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"His aged widow and his daughter live,
"Whom yet my fruitlefs fearch could never find. "Romantic with! would this the daughter were
When, ftri& enquiring, from herself he found
She was the fame, the daughter of his friend,
Of bountiful Acafto; who can fpeak
The mingled paffions that furpriz'd his heart,
And thro' his nerves in fhivering transport ran?
Then blaz'd his fmother'd flame, avow'd, and bold'
And as he view'd her, ardent, o'er and o'er,
Love, gratitude, and pity wept at once.
Confus'd, and frightened at his fudden tears,
Her rifing beauties flufh'd a higher bloom,
As thus Palemon, paffionate, and just,
Pour'd out the pious rapture of his foul.
"And art thou then Acafto's dear remains? She, whom my reftlefs gratitude has fought "So long in vain ? O heavens! the very fame, "The softened image of my noble friend.; "Alive his every look, his every feature, "More elegantly touch'd. Sweeter than fpring? "Thou fole furviving bloffom from the root "That nourish'd up my fortune! Say, ah where, In what fequefter'd defart, haft thou drawn The kindest afpect of delighted Heaven? "Into fuch beauty fpread, and blown fo fair;
"Tho' poverty's cold wind, and crushing rain, "Beat keen, and heavy, on thy tender years? "O let me now, into a richer foil,
"Tranfplant thee fafe! where vernal funs, and flowers, "Difufe their warmeft, largeft influence;
And of my garden be the pride, and joy! "Ill it befits thee, oh it ill befits "Acafto's daughter, his whofe open flores, "Tho' vaft, were little to his ampler heart, "The father of a country, thus to pick "The very refuse of those harvelt-fields,
"Which from his bounteous friendship I enjoy. "Then throw that hameful pittance from thy hand, "But ill apply'd to fuch a rugged task;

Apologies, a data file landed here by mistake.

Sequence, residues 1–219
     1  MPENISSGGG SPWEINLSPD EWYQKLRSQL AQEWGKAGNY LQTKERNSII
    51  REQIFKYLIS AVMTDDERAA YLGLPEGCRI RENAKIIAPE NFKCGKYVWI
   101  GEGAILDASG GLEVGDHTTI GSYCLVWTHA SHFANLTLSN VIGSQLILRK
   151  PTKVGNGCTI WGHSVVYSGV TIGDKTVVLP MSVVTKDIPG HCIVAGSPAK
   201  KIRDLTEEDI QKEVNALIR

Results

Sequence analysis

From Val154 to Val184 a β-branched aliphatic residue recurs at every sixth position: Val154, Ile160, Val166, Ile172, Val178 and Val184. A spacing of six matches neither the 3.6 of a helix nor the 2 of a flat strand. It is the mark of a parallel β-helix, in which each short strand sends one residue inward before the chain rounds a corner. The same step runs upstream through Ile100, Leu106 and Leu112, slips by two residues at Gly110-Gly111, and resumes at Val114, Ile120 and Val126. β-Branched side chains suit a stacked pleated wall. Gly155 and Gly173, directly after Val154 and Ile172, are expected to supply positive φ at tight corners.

"The fields, the mafter, all, my fair, are thine;
"If to the various bleffings which thy houfe
"Has on me lavish'd, thou wilt add that blifs,
"That deareft blifs, the power of bleffing thee !”,
Here ceas'd the youth: yet fill his speaking eye
Exprefs'd the facred triumph of his foul,
With confcious virtue, gratitude, and love,
Above the vulgar joy divinely rais'd.
Nor waited he reply. Won by the charm
Of goodness irrefiftible, and all
In fweet diforder loft, fhe blufa'd confent.
The news immediate to her mother brought,
While, pierc'd with anxious thought, she pin'd away
The lonely moments for-Lavinia's fate;
Amaz'd, and scarce believing what she heard,
Joy feiz'd her wither'd veins, and one bright gleam
Of fetting life fhone on her evening-hours:
Not lefs enraptur'd than the happy pair ;
Who flourish'd long in tender blifs, and rear'd
A numerous offspring, lovely like themselves,
And good, the grace of all the country round.
HE counfels of a friend, Belinda, hear,
Too roughly kind to please a lady's ear;
Unlike the flatt'ries of a lover's pen,
Such truths as women feldom learn from men.
Nor think I praise you ill, when thus I fhew
What female vanity might fear to know:
Some merit's mine, to dare to be fincere,
But greater yours, fincerity to bear.
Hard is the fortune that your fex attends;
Women, like princes, find few real friends:
All who approach them their own ends pursue:
Lovers and minifters are feldom true.
Hence oft from reafon heedlefs beauty ftrays,
And the most trufted guide the most betrays:
Hence by fond dreams of fancy'd pow'r amus'd,
When most you tyrannize you're most abus'd.
What is your fex's earlieft, lateft care,
Your heart's fupreme ambition? To be fair:
For this the toilet ev'ry thought employs,
Hence all the toils of drefs, and all the joys:
For this, hands, lips, and eyes are put to school,
And each inftructive feature has its rule;
And yet how few have learnt, when this is giv'n,
Not to difgrace the partial boon of heav'n?
How few with all their pride of form can move?
How few are lovely, that were made for love?
Do you, my fair, endeavour to poffefs
An elegance of mind as well as drefs;
Be that your ornament, and know to please
By grateful nature's unaffected eafe.
Nor make to dang'rous wit a vain pretence,
But wifely reft content with modest sense;
For wit, like wine, intoxicates the brain,
Too ftrong for feeble women to fustain ;
Of those who claim it, more than half have none,
And half of those who have it, are undone.
Be ftill fuperior to your fex's arts,
Nor think difhonefty a proof of parts;
For you the plaineft is the wifeft rule,
A Cunning Woman is a Knavífh Fool.
Be good yourself, nor think another's fhame
Can raise your merit, or adorn your fame.
Prudes rail at whores, as ftatefmen in difgrace
At minifters, because they wish their place.
Virtue is amiable, mild, ferene,
Without all beauty, and all peace within:
The honour of a prude is rage and ftorm,
'Tis ugliness in its most frightful form: